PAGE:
The association of insulin resistance with lipid intermediates is not a novel idea; however, the novelty of the work by Haus et al. The results demonstrate that plasma levels are elevated in type 2 diabetes and that the lipid species appear not only to be associated with the severity of insulin resistance but also to be a marker of inflammation, i.
Inflammation, Insulin Resistance, and Type 2 Diabetes: Back to the Future?
So, what is the next step for this research? Are plasma ceramides now considered a surrogate marker for tissue lipid stores? Would they be valuable markers to assess the effectiveness of strategies to reduce inflammation at the myocellular level?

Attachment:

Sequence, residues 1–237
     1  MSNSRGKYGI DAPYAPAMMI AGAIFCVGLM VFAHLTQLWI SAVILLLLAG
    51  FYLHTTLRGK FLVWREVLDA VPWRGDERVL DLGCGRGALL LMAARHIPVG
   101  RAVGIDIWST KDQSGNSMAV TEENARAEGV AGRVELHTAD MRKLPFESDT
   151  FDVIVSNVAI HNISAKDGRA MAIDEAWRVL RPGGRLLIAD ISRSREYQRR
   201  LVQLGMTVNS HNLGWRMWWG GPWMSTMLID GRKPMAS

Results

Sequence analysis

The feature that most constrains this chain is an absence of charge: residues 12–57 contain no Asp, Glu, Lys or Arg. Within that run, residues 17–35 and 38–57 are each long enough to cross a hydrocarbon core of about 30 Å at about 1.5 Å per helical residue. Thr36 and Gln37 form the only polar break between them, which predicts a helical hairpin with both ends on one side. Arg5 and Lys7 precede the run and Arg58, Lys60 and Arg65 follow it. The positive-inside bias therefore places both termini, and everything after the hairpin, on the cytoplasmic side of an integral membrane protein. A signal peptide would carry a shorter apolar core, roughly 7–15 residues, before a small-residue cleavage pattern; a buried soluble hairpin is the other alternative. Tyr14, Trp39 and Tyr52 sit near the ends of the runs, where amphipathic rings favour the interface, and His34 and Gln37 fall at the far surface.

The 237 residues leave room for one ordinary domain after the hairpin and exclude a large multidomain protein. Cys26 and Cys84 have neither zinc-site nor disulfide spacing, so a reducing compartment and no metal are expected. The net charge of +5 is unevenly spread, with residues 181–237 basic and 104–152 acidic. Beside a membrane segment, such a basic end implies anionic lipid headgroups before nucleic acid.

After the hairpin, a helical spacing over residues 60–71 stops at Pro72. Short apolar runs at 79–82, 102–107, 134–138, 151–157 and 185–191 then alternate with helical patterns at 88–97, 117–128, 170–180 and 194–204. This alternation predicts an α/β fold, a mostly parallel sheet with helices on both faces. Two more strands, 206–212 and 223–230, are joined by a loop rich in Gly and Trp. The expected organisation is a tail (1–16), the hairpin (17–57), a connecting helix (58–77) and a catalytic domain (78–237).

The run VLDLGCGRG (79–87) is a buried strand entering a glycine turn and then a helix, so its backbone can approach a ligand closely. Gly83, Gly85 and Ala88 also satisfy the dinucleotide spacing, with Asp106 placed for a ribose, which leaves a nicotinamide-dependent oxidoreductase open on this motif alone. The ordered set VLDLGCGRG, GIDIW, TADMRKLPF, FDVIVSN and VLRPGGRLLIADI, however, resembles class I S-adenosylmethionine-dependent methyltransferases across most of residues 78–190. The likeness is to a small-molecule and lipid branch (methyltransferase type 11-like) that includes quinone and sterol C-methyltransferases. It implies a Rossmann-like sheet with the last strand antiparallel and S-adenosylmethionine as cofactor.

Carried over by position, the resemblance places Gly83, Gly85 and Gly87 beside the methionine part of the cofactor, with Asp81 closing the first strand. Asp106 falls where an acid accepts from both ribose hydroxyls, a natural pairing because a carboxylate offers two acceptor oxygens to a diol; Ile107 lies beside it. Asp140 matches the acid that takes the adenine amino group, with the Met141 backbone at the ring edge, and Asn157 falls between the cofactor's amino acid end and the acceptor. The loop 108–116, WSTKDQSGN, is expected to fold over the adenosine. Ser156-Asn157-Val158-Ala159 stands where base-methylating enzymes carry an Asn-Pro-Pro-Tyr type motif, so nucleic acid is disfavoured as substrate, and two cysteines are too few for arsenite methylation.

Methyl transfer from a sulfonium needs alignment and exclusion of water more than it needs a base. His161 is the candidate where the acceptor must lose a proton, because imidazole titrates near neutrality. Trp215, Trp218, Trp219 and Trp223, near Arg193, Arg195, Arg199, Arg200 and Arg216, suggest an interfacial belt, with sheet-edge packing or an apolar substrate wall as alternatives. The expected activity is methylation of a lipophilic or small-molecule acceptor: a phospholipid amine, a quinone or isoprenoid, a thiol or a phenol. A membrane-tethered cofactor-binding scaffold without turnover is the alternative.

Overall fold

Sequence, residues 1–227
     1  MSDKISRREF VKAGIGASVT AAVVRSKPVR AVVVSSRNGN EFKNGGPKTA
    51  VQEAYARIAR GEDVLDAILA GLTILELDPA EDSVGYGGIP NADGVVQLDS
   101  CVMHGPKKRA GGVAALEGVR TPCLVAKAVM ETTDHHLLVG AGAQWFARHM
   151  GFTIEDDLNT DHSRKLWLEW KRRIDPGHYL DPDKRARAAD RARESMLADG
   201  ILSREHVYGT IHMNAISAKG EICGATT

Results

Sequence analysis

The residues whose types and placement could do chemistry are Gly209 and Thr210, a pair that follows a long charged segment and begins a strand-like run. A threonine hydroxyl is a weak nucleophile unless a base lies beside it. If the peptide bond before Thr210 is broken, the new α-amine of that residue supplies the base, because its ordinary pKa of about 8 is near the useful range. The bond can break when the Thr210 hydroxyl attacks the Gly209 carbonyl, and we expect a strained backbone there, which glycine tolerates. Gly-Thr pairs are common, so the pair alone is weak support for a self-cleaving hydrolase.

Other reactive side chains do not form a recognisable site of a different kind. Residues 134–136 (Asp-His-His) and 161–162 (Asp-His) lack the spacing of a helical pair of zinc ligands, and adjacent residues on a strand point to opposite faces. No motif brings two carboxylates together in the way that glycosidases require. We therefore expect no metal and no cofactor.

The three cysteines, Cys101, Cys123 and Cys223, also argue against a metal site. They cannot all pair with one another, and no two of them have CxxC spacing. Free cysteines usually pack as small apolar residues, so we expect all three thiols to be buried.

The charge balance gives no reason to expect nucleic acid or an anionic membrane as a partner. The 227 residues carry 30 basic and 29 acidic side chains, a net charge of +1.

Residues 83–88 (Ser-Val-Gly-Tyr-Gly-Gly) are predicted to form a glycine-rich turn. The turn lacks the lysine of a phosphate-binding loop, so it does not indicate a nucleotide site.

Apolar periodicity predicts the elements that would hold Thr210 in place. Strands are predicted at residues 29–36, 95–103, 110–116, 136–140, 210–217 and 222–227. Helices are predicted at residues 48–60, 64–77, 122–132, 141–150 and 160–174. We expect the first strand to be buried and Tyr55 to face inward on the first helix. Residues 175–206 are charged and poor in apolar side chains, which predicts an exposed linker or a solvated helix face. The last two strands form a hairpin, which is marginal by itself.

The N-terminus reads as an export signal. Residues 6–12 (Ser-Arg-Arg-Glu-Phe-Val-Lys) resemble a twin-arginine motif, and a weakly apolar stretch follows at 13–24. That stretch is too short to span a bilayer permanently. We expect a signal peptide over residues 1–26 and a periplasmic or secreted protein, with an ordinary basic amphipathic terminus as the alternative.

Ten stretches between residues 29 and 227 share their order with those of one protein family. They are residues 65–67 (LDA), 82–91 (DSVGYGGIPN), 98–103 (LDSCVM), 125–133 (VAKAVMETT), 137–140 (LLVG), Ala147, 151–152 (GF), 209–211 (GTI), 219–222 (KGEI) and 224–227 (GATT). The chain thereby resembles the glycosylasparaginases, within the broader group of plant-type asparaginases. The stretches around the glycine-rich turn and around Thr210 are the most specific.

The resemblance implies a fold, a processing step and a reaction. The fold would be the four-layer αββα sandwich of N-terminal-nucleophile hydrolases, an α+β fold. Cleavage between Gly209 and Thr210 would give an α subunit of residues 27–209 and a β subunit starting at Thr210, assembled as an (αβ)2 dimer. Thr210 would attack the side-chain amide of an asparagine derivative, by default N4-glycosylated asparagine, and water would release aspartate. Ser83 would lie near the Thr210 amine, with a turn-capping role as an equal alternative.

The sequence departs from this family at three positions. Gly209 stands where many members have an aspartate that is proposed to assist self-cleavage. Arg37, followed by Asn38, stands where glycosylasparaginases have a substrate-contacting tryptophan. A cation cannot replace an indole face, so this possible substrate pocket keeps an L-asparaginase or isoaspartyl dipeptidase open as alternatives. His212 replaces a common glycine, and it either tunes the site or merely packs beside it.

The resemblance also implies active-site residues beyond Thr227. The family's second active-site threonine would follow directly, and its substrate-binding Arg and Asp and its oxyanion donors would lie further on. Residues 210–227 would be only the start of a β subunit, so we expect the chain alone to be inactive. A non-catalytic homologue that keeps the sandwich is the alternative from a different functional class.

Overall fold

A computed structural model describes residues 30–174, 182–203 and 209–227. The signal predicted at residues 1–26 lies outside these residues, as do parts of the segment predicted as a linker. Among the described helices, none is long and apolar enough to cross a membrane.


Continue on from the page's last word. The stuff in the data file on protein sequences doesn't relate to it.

If so, would they be viable markers that give us insight into muscle metabolism and eliminate the need to obtain muscle tissue by biopsy? Do plasma ceramides really serve to identify individuals at high risk to develop type 2 diabetes as suggested? Given the observations in this study, these are important questions that now need to be answered.
The most relevant question, however, is whether therapies that specifically target inflammation will evolve into future diabetes medications. With the focus now clearly on modulating the inflammatory pathway as a potential target for future diabetes therapies, it is truly an exciting time for human investigation.
However, let us not forget that the interesting reports from the s appear to be the first to suggest modulation of inflammation as a therapy for diabetes. Given the lack of understanding of insulin action during the s, it is understood why research into inflammation was not given more attention.
Mechanisms Linking Inflammation to Insulin Resistance